PELHAM, George (1635-86), of Gray's Inn.
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Family and Education
bap. 8 Feb. 1635, 5th but 3rd surv. s. of Sir William Pelham (d.1644) of Brocklesby, Lincs. by Frances, da. of Edward Conway†, 1st Visct. Conway. educ. Horncastle g.s.; Christ’s, Camb. 1651; G. Inn 1654, called 1660, ancient 1676. unm.1
Freeman, Grimsby 1678, high steward 1679-85, recorder 1685-d.2
Pelham’s great-grandfather, a younger son of the Sussex family, became a distinguished Elizabethan soldier and acquired Brocklesby. His grandfather sat for Lincolnshire in 1597. During the Civil War his father fought for the King until his death, but his uncle Henry, who represented Grantham in the Long Parliament, was a moderate Parliamentarian.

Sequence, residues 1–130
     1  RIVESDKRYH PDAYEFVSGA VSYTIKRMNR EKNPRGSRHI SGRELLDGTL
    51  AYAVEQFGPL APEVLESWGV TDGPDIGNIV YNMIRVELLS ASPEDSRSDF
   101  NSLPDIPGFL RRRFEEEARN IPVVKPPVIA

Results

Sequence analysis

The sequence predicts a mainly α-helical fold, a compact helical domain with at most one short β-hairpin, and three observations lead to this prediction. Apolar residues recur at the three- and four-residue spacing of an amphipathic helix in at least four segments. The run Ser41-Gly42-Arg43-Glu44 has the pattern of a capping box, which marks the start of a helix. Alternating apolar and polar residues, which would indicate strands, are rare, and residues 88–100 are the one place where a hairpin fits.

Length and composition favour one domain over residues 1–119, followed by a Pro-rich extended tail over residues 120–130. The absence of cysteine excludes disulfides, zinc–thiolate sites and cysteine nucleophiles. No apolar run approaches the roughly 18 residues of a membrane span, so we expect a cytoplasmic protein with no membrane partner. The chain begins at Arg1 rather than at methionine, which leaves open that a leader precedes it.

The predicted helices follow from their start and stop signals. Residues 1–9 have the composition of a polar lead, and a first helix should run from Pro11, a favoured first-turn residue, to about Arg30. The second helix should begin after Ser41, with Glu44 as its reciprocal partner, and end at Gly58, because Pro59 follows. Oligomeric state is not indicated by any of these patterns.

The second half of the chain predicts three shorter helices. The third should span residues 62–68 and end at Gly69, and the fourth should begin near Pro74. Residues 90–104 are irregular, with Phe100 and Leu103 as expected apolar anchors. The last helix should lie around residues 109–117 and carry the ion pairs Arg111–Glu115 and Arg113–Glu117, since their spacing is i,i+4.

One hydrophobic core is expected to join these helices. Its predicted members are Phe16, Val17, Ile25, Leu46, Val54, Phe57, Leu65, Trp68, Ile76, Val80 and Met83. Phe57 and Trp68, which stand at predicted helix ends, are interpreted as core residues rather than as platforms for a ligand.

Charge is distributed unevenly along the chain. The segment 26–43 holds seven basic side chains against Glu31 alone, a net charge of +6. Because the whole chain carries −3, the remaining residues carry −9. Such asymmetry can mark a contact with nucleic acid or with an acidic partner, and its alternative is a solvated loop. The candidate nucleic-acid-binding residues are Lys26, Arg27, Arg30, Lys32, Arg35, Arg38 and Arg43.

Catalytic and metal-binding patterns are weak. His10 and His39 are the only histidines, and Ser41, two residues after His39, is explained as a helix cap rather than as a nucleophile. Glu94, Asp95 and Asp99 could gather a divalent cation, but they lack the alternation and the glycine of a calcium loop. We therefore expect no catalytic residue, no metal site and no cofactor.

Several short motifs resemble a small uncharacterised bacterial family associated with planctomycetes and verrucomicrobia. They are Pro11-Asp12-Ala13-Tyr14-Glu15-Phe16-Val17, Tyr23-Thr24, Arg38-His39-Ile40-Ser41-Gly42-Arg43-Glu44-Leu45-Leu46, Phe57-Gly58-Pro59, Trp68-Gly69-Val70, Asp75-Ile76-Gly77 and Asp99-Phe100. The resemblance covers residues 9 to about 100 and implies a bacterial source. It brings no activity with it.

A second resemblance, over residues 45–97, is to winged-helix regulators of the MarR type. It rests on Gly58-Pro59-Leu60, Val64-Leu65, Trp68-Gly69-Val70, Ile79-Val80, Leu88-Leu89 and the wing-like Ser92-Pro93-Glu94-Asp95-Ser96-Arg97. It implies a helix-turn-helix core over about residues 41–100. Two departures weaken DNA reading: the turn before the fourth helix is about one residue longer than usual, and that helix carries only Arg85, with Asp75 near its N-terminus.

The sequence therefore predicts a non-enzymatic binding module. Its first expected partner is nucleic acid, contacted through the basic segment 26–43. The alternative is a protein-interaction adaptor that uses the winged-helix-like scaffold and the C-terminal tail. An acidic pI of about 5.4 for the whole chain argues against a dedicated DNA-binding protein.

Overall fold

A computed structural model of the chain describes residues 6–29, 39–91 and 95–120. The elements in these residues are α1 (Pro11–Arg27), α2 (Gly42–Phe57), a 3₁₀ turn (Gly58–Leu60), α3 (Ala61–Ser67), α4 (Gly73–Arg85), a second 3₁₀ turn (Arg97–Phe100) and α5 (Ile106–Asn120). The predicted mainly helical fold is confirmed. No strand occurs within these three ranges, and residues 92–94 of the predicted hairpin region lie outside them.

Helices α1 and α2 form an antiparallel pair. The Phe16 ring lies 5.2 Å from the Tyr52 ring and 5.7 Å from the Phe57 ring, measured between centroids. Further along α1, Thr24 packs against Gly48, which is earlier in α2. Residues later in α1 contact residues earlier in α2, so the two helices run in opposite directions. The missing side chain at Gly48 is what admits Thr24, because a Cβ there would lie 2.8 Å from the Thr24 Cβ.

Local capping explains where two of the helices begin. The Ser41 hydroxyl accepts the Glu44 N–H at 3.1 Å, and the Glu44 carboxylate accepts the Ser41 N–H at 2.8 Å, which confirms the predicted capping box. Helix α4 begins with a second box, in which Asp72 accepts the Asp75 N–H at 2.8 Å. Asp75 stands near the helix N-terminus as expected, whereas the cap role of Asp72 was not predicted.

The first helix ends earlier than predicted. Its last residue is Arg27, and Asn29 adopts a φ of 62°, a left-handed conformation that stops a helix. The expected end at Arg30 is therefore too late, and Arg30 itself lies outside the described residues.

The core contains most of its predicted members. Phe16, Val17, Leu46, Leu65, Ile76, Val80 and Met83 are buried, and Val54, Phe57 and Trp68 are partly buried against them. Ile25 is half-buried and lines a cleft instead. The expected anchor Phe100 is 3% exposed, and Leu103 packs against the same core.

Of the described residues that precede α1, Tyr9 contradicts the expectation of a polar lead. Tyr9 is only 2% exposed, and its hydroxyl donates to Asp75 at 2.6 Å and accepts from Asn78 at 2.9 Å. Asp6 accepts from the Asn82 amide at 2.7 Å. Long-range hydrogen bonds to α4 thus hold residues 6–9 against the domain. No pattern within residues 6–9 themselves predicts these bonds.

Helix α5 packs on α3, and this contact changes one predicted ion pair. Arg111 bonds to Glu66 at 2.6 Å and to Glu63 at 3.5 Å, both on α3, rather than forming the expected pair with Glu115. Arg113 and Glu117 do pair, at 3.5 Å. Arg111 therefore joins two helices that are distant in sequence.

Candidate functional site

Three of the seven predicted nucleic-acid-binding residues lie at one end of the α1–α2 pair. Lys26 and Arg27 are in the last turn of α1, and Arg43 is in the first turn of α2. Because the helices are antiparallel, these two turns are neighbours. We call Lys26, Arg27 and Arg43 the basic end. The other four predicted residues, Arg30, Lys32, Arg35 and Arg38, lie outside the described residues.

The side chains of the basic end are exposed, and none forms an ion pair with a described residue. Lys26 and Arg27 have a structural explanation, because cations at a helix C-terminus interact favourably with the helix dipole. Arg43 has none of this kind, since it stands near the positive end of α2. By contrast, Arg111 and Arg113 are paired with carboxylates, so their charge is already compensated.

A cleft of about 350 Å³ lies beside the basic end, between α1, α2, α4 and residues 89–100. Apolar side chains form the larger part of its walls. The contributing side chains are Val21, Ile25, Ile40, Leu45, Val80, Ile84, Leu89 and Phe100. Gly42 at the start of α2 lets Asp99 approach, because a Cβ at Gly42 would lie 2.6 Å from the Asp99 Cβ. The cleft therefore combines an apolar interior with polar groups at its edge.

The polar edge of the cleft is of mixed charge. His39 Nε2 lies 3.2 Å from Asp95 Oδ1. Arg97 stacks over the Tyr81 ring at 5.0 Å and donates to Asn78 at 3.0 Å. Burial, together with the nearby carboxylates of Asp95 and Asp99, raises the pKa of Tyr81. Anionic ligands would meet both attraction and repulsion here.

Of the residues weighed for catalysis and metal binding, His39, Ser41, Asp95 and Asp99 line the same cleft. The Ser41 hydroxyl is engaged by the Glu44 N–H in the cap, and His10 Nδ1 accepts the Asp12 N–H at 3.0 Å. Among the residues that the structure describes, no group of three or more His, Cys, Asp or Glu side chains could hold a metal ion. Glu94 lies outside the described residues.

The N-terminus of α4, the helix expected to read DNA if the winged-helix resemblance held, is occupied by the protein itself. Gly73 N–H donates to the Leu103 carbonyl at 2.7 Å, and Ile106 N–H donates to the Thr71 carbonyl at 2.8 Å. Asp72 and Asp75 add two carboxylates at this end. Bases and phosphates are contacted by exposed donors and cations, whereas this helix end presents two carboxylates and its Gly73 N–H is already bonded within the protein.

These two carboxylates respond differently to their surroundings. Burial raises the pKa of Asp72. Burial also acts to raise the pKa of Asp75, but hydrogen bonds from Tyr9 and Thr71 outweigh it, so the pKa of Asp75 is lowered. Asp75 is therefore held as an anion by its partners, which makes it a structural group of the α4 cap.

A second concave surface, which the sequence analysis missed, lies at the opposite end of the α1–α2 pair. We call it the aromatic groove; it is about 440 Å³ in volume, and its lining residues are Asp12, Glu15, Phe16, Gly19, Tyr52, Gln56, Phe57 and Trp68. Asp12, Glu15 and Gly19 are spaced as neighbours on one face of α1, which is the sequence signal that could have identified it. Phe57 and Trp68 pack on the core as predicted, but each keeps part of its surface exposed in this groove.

Pelham’s elder brother Charles stood unsuccessfully for Grimsby, nine miles from Brocklesby, as a country candidate against William Broxholme in 1673, and when Pelham himself was first returned in 1679, apparently in his absence and unopposed, he was classed as ‘honest’ by Shaftesbury. But he took no known part in the first Exclusion Parliament, and probably paired with Broxholme for the division on the bill. He improved his interest by becoming high steward of the borough, and was moderately active as a committeeman in the second Exclusion Parliament. He was added to the committee to prepare evidence against the lords in the Tower on 12 Nov. 1680, and appointed to those to bring in a bill for street improvements in the capital and to print the manuscripts of (Sir) Matthew Hale. In the Oxford Parliament he was named only to the committee of elections and privileges. He did not stand again, and died in his lodgings in Holborn on 16 Dec. 1686, leaving a ‘very considerable’ estate in Kent and Buckinghamshire to his elder brother. His nephew Charles was returned for Grimsby as a Tory in 1722.3